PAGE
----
This looks like a good book:
Private outposts in the state and public outposts in finance, central banks have historically moved back and forth between very different institutional forms: private, public and various combinations of the two. Far from constituting a rational-functionalist formation, they have performed widely diverse and often barely related functions—from the administration of state debt to the issuing of currency and the supervision of private banks—cobbled together more or less ad hoc according to political expediency… Central banks, Vogl argues, constitute a fourth power, overshadowing legislature, executive and judiciary, and integrating financial-market mechanisms into the practice of government.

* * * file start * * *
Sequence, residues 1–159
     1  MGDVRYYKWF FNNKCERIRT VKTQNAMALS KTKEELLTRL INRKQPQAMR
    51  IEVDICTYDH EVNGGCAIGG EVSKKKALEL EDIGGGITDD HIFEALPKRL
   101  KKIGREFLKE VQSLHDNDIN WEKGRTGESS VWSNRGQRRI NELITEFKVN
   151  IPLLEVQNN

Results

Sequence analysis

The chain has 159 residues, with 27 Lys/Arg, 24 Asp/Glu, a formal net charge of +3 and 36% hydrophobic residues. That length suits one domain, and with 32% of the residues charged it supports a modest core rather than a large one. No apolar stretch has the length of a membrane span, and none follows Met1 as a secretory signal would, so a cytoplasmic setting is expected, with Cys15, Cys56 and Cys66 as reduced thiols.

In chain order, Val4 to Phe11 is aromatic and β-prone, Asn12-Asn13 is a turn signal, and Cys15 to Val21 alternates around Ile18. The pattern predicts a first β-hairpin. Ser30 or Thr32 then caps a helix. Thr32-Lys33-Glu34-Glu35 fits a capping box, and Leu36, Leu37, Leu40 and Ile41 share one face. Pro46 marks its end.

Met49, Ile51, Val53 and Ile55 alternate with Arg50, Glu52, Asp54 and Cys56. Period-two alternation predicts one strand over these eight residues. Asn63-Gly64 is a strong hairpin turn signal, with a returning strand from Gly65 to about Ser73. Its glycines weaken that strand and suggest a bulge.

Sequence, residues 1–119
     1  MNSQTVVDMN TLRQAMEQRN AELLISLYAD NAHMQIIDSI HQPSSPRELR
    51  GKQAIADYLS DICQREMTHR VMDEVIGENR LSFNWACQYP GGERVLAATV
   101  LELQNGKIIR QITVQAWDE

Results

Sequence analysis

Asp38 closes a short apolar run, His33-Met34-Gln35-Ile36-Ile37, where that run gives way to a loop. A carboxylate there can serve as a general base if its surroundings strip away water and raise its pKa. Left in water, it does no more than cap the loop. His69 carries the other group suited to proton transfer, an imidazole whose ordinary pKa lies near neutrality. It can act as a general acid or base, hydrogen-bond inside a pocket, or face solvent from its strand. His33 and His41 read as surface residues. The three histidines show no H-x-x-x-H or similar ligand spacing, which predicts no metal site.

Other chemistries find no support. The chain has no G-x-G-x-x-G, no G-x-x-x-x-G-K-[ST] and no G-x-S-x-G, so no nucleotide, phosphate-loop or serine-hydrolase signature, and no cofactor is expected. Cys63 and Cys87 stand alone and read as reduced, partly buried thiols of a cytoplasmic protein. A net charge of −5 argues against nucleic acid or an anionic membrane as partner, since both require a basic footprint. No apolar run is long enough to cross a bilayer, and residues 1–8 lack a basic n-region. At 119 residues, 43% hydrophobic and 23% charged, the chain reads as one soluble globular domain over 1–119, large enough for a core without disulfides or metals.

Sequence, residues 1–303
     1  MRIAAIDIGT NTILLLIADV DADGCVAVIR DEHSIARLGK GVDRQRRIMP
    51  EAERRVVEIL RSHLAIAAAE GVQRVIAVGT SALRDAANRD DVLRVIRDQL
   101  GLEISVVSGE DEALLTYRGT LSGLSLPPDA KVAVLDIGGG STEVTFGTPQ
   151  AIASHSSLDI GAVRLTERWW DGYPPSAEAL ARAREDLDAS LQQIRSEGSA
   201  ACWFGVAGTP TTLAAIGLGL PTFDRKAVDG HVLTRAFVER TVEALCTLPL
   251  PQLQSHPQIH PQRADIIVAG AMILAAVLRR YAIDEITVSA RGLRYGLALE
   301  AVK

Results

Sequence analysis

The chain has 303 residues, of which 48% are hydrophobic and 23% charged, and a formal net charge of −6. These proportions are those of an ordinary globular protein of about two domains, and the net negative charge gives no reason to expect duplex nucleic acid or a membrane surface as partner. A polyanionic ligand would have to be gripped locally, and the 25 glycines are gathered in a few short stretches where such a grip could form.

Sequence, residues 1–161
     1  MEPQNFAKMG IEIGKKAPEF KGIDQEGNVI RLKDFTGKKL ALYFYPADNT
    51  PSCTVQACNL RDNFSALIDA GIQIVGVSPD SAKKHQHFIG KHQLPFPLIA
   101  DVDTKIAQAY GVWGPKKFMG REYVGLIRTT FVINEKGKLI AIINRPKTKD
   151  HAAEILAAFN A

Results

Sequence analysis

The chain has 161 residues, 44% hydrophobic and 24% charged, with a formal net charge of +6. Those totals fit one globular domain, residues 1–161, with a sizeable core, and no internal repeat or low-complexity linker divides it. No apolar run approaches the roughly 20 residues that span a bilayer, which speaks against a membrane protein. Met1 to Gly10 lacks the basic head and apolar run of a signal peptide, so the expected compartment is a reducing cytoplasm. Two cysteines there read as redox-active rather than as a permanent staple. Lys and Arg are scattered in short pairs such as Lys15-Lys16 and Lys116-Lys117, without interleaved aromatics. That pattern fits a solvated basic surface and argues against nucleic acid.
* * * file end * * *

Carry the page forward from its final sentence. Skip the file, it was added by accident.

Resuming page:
Central banks’ claim to autonomous authority is based on their assumed, and asserted, technical competence. As they and their aficionados in the media and in economics departments are fond of telling us, central bankers know things about the economy that normal people, inevitably overwhelmed by such complexity, cannot even begin to fathom. … Central bankers themselves have always been aware … that what they sell to the public as a quasi-natural science is in fact nothing more than intuitive empathy, an ability acquired by long having moved in the right circles to sense how capital will feel, good or bad, about what a government is planning to do in relation to financial markets. (Economic theory is best understood as an ontological reification of capitalist sensitivities represented as natural laws of a construct called ‘the economy’.) At critical moments, such as when the Bank of England went off the gold standard in 1931 …, central banking relies on the trained intuition of great men and their capacity to make others believe that they know what they’re doing, even when they don’t. At a university event in London almost a decade after the 2008 crash, Alan Greenspan was remembered by an enthusiastic admirer as having had ‘a complete model of the American economy in his body’.